Following the passage of our AHPAA reform bill (PA 103-0487) during the 2023 General Assembly session, the Illinois Housing Development Authority (IHDA) released the updated Statewide Affordability List. IHDA updates and publishes this information every 5 years as part of its administration of the Affordable Housing Planning and Appeals Act (AHPAA). This law requires any municipality with a population of 1,000 or more to have at least 10% of its housing be affordable (1) or to have a plan in place to achieve that goal.
We’d like to point out several things, both about the AHPAA, as well as the new processes and requirements:
1) The 10% threshold for affordable housing stock is the minimum that any municipality should be expected to meet, since, according to Census data, 40% to 50% of households throughout north suburban Cook County are paying more than 30% of their incomes on housing and need more affordable housing.
2) Out of the 1,298 municipalities in the state, only 44 do not meet the required 10% threshold for affordable housing stock. But of those 44 municipalities, 14 are in Cook County, and 15 are in Lake County. This means that 65% of the towns and cities that do not meet the 10% requirement are in our north region of the state.
3) Only about a fifth of the housing in Evanston and in Skokie is considered affordable (19.7% and 21.8%, respectively). While it is encouraging that they meet the minimum amount set by AHPAA, there is a greater need in both municipalities for more affordable housing than what is currently available. The surrounding municipalities are providing even less, with Wilmette at 4.8% and Lincolnwood at 6.7%. That is why Connections for the Homeless often must seek housing in other municipalities to help people find affordable options—47.2% of the housing in Chicago is affordable, 40.9% in Des Plaines, 35.7% in Niles, and 75.1% in Waukegan.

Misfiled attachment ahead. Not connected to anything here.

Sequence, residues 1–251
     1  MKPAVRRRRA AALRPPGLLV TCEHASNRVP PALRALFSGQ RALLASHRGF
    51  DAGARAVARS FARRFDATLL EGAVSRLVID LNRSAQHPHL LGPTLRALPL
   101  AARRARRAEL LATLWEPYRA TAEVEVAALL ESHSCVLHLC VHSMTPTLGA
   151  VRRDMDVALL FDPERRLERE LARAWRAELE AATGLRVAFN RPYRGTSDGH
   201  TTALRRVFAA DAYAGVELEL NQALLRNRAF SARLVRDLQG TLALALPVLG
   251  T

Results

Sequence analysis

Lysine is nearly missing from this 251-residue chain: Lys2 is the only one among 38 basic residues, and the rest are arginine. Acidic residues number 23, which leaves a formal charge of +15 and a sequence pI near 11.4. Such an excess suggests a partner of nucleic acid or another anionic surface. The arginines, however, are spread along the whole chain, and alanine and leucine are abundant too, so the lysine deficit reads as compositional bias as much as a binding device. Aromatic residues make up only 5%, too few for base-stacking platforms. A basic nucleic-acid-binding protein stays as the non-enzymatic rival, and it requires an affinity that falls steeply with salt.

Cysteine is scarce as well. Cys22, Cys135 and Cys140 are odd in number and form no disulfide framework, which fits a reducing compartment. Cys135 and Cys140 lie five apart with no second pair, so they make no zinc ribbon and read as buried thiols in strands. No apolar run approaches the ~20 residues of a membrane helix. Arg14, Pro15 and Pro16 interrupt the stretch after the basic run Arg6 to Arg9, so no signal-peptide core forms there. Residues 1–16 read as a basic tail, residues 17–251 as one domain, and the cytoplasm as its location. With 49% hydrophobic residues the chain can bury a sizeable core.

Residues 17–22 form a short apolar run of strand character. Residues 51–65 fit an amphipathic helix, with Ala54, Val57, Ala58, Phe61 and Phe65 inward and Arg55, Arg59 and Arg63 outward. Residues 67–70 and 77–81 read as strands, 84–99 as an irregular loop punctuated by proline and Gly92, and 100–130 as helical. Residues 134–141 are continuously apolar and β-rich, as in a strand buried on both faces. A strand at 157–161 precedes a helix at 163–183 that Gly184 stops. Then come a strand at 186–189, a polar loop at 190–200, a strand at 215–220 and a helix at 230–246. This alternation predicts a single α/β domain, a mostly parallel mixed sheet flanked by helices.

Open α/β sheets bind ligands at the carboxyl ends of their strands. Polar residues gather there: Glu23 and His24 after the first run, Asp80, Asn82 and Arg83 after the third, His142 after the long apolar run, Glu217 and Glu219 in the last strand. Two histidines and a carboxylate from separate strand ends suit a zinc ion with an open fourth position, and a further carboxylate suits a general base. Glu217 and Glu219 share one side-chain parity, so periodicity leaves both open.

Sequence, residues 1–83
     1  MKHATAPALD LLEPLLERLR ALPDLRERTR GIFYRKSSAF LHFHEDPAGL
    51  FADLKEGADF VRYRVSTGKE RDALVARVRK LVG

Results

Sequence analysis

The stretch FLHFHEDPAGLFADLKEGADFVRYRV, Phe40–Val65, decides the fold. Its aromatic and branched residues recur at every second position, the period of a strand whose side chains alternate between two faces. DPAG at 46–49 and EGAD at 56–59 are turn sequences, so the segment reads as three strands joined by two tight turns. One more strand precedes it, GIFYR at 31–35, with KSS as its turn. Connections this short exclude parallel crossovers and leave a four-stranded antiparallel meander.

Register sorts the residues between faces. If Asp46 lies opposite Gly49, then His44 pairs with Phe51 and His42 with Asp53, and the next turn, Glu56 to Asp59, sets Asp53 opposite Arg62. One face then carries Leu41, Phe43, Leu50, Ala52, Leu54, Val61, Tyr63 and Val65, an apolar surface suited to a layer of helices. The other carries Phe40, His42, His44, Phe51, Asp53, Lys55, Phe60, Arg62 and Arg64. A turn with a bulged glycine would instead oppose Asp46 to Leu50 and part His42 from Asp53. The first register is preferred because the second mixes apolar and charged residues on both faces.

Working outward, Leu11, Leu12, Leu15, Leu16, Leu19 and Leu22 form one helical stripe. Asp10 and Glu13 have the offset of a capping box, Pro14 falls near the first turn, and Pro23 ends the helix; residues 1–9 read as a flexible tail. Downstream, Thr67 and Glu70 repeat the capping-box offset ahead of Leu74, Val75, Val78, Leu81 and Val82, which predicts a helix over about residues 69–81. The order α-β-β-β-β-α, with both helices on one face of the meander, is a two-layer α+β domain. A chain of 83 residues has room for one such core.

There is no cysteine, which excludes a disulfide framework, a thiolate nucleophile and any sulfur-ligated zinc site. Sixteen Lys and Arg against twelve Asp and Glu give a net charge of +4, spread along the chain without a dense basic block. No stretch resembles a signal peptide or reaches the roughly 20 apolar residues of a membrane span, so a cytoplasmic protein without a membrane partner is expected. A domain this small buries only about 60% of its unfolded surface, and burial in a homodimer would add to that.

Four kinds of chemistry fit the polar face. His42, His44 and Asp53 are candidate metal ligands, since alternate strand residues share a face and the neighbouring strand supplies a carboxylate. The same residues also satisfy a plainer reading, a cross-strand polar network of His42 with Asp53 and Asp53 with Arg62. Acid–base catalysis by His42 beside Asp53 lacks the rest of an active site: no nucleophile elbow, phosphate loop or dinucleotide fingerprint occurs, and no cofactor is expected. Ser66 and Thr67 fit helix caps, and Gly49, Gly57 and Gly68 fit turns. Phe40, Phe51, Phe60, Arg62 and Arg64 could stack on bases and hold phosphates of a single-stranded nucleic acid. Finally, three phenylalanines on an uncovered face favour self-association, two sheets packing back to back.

4) Our AHPAA reform bill, signed into law by Governor Pritzker in June 2023, strengthened the planning requirements for non-exempt municipalities (those that don’t meet the 10% requirement). In previous years, non-exempt municipalities simply had to create and submit an affordable housing plan, with some only a paragraph in length. Now, municipalities on the 2023 non-exempt list will have to provide a detailed affordable housing plan and submit a timeline that they must follow for implementation.
Joining Forces counts advocacy around AHPAA as one of its long-term goals. We will be advocating over time to:
Because we were successful in working with our advocacy partners last year in making some important technical changes to AHPAA, further updates to the law are not part of our legislative agenda this year, as IHDA works to implement those changes. However, it is on our advocacy agenda, particularly with the municipalities that have not yet achieved the 10% threshold of affordable units.
If you are interested in participating in this advocacy, please contact our State Policy Coordinator, Max Seeley.
1. According to IDHA's Strategic Planning and Reporting Department, their mandated calculation of the portion of a community’s total year-round occupied housing units are affordable to: